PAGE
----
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MGH Hotline 4.15.11 One of the symptoms of autism spectrum disorders -- which affect up to 1.5 million Americans -- is discomfort with or disinterest in social interaction.

YouthCare Gala raises nearly $800,000

15/Apr/2011

AUTISM AWARENESS: From left, Slavin, McLeod and Long at the gala

One of the symptoms of autism spectrum disorders -- which affect up to 1.5 million Americans -- is discomfort with or disinterest in social interaction. On April 7, five young men stood tall as examples of the possibility of overcoming the challenges of autism, eloquently sharing their experiences with YouthCare -- a highly successful MGH program for individuals with autism -- in front of 650 guests at the annual YouthCare Gala.

The benefit event, held at the Mandarin Oriental, helped provide financial support for YouthCare while raising awareness about autism. Programs and services offered by YouthCare range from summer camps to school consultations and are designed to help children, teenagers and young adults make social connections and gain the living skills they need to reach their full potential. YouthCare clinicians and staff take a multidisciplinary team approach and collaborate closely with parents, teachers and other health care providers.

Gala Committee Co-Chairs David H. Long, president of Liberty Mutual Group, and Timothy M. Sweeney, executive vice president of Liberty Mutual, welcomed guests. Following their remarks, Peter L. Slavin, MD, MGH president, thanked other committee members -- Marlene and Jay Austen Jr., MD, Ann Marie and Daniel Gross, Terry and Tom Hamilton, Kim and Eric Karofsky, Shonda and Curt Schilling, and Stephanie Long -- for their efforts. He also shared details about YouthCare's mission.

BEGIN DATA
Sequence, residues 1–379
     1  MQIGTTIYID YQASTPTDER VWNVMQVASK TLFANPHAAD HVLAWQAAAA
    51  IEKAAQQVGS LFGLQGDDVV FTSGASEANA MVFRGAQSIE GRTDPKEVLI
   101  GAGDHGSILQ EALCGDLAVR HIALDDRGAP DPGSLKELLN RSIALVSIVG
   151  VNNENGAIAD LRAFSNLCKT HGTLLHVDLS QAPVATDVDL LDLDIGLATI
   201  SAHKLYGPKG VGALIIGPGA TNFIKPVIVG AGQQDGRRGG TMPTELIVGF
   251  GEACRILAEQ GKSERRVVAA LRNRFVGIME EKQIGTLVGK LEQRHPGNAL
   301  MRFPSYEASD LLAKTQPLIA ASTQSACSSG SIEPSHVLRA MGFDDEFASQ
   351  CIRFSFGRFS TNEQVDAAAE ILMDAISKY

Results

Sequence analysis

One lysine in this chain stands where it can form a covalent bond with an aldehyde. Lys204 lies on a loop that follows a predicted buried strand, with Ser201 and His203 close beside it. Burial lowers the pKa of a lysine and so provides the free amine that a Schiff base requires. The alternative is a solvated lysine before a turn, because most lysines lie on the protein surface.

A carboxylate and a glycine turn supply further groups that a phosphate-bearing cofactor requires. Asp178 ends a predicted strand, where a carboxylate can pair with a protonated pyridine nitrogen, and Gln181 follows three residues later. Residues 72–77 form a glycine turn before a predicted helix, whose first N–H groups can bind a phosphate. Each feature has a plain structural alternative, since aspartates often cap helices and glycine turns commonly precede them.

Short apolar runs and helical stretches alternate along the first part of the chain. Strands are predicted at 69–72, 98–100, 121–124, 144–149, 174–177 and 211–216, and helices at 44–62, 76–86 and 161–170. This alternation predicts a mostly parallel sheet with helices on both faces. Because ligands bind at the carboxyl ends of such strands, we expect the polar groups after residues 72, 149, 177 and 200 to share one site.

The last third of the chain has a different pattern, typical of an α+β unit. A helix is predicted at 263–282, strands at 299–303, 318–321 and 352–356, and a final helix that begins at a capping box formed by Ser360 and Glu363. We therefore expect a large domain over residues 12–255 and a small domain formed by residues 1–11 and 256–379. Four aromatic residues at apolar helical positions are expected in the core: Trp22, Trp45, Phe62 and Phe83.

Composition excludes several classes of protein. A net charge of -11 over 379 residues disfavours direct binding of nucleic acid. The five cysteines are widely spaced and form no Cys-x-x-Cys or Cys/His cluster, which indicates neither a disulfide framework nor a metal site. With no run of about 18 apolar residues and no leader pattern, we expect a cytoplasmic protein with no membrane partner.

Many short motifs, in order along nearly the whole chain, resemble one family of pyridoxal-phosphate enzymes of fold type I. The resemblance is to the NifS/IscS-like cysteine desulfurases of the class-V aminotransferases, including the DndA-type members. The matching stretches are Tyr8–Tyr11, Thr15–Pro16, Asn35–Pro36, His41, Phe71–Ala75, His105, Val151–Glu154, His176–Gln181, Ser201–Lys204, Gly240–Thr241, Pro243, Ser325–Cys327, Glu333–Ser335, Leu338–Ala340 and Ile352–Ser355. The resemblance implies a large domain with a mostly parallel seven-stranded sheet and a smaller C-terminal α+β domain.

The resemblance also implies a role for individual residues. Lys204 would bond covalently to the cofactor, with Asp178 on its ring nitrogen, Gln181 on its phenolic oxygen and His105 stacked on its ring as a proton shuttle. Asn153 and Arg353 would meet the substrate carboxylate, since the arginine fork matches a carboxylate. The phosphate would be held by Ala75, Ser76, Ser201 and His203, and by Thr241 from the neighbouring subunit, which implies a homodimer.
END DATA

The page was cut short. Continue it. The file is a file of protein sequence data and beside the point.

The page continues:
The highlight of the event was the presentation by the five program participants, who were introduced by Scott McLeod, PhD, executive director of YouthCare. Each described how the program has positively influenced his life. Because of YouthCare, said the Longs' son Oliver, "I don't have to feel like I'm on the outside looking in."

After their remarks, McLeod explained the challenges faced by young people with autism and described how they become even more difficult for teenagers transitioning into adulthood. To meet the needs of this specific age group, McLeod announced plans to further expand YouthCare's comprehensive group and consultation services for individuals with autism up to age 30 by spring 2013.

The gala came to a close with a live auction featuring prizes, donated by committee members and gala attendees. Among the prizes were a gaming experience with former Red Sox pitcher Curt Schilling at 38 Studios, a meal with Peter King of Sports Illustrated and a music lesson with Tom Hamilton, bassist of Aerosmith. The auction prizes, ticket sales and other donations raised nearly $800,000.

For more information about YouthCare, visit www.mghyouthcare.org.

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